The piece appears here. You’ll like it. Believe me.

In today’s New York Post, I talk to David Mamet, the most successful and celebrated American playwright of the past 40 years and unquestionably the most prominent cultural figure of our time to announce his abandonment of liberalism and his embrace of the ideas of Hayek, Friedman, Sowell, and Whittaker Chambers. He is without question the most prominent ideological convert to the Right ever to emerge from the community of American artists. One point I don’t make in the piece, but which is undeniable, is that Mamet is the first true neoconservative to emerge in decades. His journey takes in all the qualities that led the first generation of neoconservatives to change their views: Increasing discomfort with anti-Americanism, anger at the left’s turn against Jewish nationalism, a growing understanding of the wisdom of markets, and a sense of outrage at the promulgation of ideas like affirmative action that suggest we should judge people as a collective rather than on the basis of their own individual characters and accomplishments:

Jesus I love this country,” says a president of the United States about to lose his re-election bid in the last line of his hilarious 2009 play, “November.” Mamet, who knows a great deal about the darker recesses of the human heart, has freed himself here to express unambiguous love — love of country, love of tradition, love of his own people and (most exciting in terms of the book itself) the love of a good day’s work.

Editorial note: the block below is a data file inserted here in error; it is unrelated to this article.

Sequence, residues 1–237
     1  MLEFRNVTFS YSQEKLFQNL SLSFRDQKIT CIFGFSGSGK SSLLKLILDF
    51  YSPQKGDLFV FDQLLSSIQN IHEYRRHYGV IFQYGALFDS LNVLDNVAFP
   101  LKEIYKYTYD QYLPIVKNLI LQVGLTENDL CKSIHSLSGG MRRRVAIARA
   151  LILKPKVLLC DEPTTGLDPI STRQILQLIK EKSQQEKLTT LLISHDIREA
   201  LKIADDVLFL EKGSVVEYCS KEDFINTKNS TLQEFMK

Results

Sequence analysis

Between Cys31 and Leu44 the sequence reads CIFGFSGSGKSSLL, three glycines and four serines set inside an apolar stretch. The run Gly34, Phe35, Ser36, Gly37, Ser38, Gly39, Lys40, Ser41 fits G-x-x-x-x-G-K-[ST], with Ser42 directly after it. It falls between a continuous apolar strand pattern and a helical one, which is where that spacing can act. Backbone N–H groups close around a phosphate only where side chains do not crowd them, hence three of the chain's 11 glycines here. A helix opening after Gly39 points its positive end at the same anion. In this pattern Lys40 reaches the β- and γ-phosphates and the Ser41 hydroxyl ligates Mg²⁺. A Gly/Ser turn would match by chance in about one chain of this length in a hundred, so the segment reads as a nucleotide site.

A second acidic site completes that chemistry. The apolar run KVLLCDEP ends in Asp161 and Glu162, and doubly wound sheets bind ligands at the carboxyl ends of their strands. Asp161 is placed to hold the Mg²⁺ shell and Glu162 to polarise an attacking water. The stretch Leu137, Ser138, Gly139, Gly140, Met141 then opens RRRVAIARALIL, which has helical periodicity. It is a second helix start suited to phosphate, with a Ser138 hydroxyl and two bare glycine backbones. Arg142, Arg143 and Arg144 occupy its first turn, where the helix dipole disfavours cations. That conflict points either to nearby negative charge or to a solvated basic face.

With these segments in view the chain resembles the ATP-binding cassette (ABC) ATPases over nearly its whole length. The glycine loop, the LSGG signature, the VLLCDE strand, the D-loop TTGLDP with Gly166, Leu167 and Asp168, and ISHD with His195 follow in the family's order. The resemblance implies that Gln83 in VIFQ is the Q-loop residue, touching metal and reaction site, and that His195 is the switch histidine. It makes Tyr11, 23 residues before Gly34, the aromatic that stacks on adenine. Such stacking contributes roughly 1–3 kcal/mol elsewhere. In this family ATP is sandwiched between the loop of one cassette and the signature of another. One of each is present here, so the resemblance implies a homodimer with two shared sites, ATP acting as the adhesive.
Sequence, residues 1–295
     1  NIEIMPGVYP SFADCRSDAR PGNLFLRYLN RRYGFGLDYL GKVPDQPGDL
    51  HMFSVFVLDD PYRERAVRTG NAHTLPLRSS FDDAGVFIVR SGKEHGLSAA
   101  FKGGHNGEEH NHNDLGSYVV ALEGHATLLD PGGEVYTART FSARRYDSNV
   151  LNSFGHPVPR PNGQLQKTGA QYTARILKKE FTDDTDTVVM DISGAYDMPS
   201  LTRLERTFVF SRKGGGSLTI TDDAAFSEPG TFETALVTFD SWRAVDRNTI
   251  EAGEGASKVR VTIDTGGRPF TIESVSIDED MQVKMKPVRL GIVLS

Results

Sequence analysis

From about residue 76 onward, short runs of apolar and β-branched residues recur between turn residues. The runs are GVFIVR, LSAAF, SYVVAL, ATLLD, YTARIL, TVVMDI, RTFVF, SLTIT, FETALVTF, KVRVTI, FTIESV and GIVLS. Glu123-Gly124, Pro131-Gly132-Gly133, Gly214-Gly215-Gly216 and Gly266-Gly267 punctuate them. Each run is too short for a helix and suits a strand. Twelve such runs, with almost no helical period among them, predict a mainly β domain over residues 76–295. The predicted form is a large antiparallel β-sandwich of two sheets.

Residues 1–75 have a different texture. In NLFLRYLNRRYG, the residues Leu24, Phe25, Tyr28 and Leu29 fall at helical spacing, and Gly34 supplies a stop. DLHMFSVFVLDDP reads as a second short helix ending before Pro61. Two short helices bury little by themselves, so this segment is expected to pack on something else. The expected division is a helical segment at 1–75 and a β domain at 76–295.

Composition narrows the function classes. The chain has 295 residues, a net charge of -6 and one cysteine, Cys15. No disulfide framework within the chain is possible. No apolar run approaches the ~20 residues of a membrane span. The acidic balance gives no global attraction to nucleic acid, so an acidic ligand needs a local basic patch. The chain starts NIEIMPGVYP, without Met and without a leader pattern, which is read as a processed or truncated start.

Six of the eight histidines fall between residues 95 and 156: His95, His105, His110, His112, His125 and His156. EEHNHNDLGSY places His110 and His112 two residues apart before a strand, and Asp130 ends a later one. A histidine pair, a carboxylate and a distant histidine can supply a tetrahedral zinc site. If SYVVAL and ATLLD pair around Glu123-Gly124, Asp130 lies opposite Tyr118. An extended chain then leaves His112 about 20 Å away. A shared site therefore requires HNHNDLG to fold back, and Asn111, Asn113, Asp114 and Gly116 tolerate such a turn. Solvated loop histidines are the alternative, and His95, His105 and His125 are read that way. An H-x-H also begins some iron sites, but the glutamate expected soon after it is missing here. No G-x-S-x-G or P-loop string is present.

The piece appears here. You’ll like it. Believe me.

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Palestinians Use Obama’s 1967 Statement as Their Latest Excuse for Not Talking

From the beginning of the Obama presidency, the Palestinian Authority has shown that it will never allow itself to accept less than whatever the United States has demanded on its behalf. Thus, when the administration asked Israel for a settlement freeze that became a Palestinian precondition for talking with Israel. When the president decided that building in existing Jewish neighborhoods within Jerusalem was an “insult” to the United States, a freeze in Israel’s capital became another Palestinian precondition.

Now in the wake of President Obama’s decision to demand that the 1967 lines be the starting point for future Middle East negotiations, the Palestinians have adopted that point as their latest precondition for talks. Earlier this week, PA “negotiator” Saeb Erekat stated that they would only return to the talks with Israel that they have largely boycotted for three years, if Netanyahu accepts Obama’s dictat.